Ernest Hemingway Short Fiction Analysis
Any study of Ernest Hemingway’s short stories must begin with a discussion of style. Reacting against the overblown, rhetorical, and often bombastic narrative techniques of his predecessors, Hemingway spent considerable time as a young man working to perfect the spare form of narration, dialogue, and description that became the hallmark of his fiction. Nowhere does he achieve greater mastery of his medium than in his short stories. He expressed his belief and described his own method in a passage in Death in the Afternoon: “If a writer of prose knows enough about what he is writing about he may omit things that he knows and the reader, if the writer is writing truly enough, will have a feeling of those things as strongly as though the writer has stated them.” Following this dictum, Hemingway constructed stories that sometimes make readers feel as if they are unseen auditors at some closet drama, or silent observers at intimate moments in the lives of characters struggling with important, although often private, issues.
“Hills Like White Elephants”
The technique is readily apparent in “Hills Like White Elephants.” Set in Spain during the hot summer, the story contains little overt action. Hemingway sketches the background deftly in a single opening paragraph of half a dozen sentences, each of which provides vital information that establishes a physical setting and a symbolic backdrop for the tale. On one side of the little junction station, there are fertile fields; on the other, a barren landscape. Only three characters appear: a man identified as an American, a girl, and a woman who serves them in the little café at which they have stopped to wait for the train that passes through the unnamed town on the route from Barcelona to Madrid. The entire story consists of a single scene in which the man and the girl sit in the café, drink various alcoholic beverages, and converse.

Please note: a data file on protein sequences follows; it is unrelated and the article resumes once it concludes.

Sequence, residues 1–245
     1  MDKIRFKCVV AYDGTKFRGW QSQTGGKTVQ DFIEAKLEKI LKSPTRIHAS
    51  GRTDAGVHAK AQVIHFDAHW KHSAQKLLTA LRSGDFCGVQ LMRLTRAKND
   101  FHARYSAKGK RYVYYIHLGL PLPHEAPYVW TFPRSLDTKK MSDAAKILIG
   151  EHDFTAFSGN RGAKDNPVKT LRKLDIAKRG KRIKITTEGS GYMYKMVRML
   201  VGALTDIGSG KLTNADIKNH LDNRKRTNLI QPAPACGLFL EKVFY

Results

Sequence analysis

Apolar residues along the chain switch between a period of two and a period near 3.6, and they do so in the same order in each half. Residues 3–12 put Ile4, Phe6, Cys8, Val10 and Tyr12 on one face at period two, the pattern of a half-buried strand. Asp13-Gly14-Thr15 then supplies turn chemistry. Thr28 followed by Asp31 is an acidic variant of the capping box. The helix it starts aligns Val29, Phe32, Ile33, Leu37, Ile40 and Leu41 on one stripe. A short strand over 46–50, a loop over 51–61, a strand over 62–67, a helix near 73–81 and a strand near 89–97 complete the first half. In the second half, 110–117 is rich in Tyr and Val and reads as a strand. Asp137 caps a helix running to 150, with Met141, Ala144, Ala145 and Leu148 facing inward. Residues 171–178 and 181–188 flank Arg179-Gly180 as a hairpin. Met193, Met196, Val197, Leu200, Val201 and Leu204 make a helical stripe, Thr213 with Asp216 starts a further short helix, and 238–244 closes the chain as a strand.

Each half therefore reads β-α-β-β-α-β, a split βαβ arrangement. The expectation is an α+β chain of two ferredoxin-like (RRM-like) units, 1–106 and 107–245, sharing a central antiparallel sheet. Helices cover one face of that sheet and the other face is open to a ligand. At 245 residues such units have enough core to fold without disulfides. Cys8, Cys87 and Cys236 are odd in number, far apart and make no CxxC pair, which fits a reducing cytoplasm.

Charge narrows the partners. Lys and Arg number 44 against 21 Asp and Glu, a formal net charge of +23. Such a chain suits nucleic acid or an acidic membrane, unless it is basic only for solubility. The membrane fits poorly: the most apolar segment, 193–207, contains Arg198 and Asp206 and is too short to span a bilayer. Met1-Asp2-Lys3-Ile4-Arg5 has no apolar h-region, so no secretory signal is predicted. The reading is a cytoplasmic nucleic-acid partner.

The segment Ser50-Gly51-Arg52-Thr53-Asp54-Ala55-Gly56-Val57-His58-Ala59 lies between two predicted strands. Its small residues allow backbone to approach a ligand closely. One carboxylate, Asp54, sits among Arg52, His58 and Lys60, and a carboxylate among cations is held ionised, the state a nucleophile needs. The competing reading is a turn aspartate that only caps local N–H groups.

Much of the dialogue seems little more than small talk, but there is an underlying sense of tension from the very first exchange between the man and the girl after they order their beer. The girl mentions that the hills in the distance “look like white elephants,” to which her companion replies, “I’ve never seen one.” She immediately responds, “No, you wouldn’t have,” and he fires back, “I might have. Just because you say I wouldn’t have doesn’t prove anything.” The harshness of their responses contrasts with the inconsequential nature of the subject of their discussion, suggesting that the relationship between them is somehow strained but that neither wishes to discuss openly the real issue over which they are at odds.